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Observing and Relishing The Advent of Female Shakti in the Divine Feminine

Devi, Mahadevi or the "Great Goddess," is a primordial Mother Goddess who was first worshiped in India. She became a part of the Hindu pantheon during the Vedic era, and as a result, she came to symbolize Sakti (Female Power). Shaktism became a whole new worship pattern in Hinduism for people who embraced their love and respect for female goddesses and their manifestations. The Devi Mahatmyamu as a text talks extensively about Goddess worship and its importance. It's not entirely nonsensical to think of the Infinite as a mother. The Rigveda is evidence that the idea that the All-compassionate Mother as the Ruler persisted even in those far-off eras. Furthermore, rather than the Father, who is viewed as a strict taskmaster, Mother is the personality that most appeals to the human heart. Additionally, the idea of the Divinity as Devi, Durga, or Sri is more than just a philosophy; it is a way of life. It is a viewpoint that cannot be abandoned.


Some of the popular goddesses and their avatars are-


  1. Goddess Varahi: Varahi has a number of legends associated with her. Along with Mathangi, the Goddess is an essential member of Goddess Lalitha Tripura Sundari's army and serves as its commanding general. She protects the Goddess, and only those who have worshiped Varahi can enjoy Devi Lalitha's benign blessings. Varahi was crucial to several of Devi Lalitha's battles with the Asuras. She was hailed for her bravery by several Puranas during Devi Lalitha's conflict with the three formidable demons Shumbha-Nishumbha, Bandasura, and Rakthabeej. Throughout the conflict, Varahi killed a number of generals and the family of the three asuras. Others think Varahi depicts the strength of the ferocious form Bhairava.


  1. Durgabai Deshmukh: Durgabai Deshmukh, one of India's dynamic female legislators who changed the scene of female empowerment, figured out the thistle in the way of our country's advancement. Ignorance, strange notions, and the oppression of women were to blame. She was a devoted follower of the ideals of Mahatma Gandhi, and only mastered the Hindi language so that she could translate his world into Telugu.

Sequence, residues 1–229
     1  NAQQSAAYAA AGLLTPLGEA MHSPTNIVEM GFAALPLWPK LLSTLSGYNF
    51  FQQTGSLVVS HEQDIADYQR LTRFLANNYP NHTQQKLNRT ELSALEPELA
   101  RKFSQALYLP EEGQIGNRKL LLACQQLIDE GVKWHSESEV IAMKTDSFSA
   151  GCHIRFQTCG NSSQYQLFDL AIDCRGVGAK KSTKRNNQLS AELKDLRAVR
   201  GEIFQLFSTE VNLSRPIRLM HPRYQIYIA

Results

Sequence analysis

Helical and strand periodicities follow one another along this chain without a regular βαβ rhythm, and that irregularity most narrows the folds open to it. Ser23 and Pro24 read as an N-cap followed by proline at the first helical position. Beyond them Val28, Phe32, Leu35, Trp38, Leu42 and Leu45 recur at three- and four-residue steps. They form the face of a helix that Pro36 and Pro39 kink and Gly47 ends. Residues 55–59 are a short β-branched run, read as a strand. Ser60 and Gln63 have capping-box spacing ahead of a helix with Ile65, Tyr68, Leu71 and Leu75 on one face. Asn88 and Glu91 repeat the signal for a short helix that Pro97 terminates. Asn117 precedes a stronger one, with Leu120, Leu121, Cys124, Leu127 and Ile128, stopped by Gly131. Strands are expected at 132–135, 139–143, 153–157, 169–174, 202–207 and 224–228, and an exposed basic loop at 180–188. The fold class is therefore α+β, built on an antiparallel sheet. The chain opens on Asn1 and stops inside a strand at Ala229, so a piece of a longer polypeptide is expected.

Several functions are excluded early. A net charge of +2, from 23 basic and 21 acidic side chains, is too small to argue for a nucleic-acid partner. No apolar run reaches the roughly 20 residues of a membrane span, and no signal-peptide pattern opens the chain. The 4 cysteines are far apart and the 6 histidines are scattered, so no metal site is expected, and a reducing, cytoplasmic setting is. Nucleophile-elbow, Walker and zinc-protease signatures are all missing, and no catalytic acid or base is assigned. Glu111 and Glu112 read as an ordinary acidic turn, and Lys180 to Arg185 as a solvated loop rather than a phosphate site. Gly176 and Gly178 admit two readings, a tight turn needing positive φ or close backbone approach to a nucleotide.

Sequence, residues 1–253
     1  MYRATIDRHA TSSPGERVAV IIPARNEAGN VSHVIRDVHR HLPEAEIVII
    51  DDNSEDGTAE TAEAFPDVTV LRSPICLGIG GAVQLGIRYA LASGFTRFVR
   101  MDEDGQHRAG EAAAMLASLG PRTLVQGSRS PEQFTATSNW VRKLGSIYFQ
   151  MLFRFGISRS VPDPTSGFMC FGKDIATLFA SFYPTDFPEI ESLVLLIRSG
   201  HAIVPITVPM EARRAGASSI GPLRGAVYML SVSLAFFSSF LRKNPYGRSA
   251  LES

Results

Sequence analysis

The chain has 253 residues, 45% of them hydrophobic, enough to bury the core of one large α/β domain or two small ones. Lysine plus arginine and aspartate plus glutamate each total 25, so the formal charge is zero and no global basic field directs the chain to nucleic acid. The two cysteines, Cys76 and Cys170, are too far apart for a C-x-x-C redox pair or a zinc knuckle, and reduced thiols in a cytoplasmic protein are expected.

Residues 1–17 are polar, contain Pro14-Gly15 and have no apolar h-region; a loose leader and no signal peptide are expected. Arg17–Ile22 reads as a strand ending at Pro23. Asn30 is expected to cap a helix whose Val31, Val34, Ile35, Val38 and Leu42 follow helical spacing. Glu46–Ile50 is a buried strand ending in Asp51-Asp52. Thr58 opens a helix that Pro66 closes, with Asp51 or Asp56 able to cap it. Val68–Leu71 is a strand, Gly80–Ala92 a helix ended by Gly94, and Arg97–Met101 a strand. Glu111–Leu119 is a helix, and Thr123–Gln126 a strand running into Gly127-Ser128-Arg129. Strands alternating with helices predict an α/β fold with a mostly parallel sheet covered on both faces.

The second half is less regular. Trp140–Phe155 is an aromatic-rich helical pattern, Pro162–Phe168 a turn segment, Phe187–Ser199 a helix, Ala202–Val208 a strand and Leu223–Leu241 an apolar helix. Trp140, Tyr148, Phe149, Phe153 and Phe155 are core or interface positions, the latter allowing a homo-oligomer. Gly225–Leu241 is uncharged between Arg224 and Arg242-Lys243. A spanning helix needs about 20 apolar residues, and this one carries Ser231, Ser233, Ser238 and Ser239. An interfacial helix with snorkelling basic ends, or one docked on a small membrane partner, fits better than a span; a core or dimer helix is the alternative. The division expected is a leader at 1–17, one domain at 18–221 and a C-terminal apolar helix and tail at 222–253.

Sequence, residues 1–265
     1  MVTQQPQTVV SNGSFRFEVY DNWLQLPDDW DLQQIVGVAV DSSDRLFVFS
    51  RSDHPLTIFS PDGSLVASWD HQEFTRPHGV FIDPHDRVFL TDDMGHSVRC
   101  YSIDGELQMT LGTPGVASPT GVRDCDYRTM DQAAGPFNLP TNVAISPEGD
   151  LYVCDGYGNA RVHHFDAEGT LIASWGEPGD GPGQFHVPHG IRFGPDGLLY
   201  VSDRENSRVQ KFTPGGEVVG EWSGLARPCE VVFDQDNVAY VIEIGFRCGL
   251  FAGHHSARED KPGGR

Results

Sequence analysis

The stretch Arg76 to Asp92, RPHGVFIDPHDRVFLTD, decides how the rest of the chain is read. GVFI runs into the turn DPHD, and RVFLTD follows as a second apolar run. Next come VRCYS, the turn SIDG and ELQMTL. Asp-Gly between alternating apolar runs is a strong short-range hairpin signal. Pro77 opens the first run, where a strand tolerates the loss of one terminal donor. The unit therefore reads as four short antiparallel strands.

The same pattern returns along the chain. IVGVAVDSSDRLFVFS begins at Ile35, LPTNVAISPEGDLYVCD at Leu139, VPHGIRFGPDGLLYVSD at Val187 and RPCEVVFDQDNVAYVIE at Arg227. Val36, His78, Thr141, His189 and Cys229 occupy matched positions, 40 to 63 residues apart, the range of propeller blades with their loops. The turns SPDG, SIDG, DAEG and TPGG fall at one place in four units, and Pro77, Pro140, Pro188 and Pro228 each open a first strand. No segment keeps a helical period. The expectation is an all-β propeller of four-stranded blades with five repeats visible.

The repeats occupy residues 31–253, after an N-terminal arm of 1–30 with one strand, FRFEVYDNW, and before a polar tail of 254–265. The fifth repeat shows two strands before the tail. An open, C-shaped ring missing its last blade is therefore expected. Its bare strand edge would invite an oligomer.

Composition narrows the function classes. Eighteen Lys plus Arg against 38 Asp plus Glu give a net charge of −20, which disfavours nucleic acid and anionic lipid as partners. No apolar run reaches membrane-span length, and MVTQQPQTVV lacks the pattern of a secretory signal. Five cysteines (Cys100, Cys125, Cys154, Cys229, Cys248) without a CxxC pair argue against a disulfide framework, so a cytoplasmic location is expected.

1. Sri Sarada Devi: Even though Sarada Devi was a spiritual powerhouse in her own right, she spent many years serving Ramakrishna and his followers in a simple manner. She continued Ramakrishna's religious work after his death, acting as the new spiritual movement's mentor and inspiration. She was the  singular example of a perfect disciple, nun, wife, teacher, and mother to her innumerable spiritual children within the context of her natural simplicity and modesty. Her unwavering love and unselfish service amazed everyone she interacted with. She accepted everyone as her disciples, irrespective of class, caste, creed or gender. Everyone was welcome!!



The phenomenon of Goddess worship in India


Goddesses that represent various facets of authority are frequently prevalent in village culture. When praying for urgent needs, village men, women, and children address a female, not a male. Many goddess worshipers consider their deity to be the supreme being with unlimited power, not even surpassed by a male god. Notably, West Bengal and South India have long-standing goddess traditions. Hinduism views each woman as reservoirs of female power or shakti. 


FAQS


Q1. What is Goddess Lakshmi the deity of?


Goddess Lakshmi is known to the goddess of riches, abundant fortune and physical beauty.


Q2. Which Goddess in the Hindu Faith is deemed as the strongest?


Devi Durga is considered the most powerful Hindu Goddess. Even when the combined power of the male goddesses could not defeat Asura, Devi Durga was triumphant in a war against him.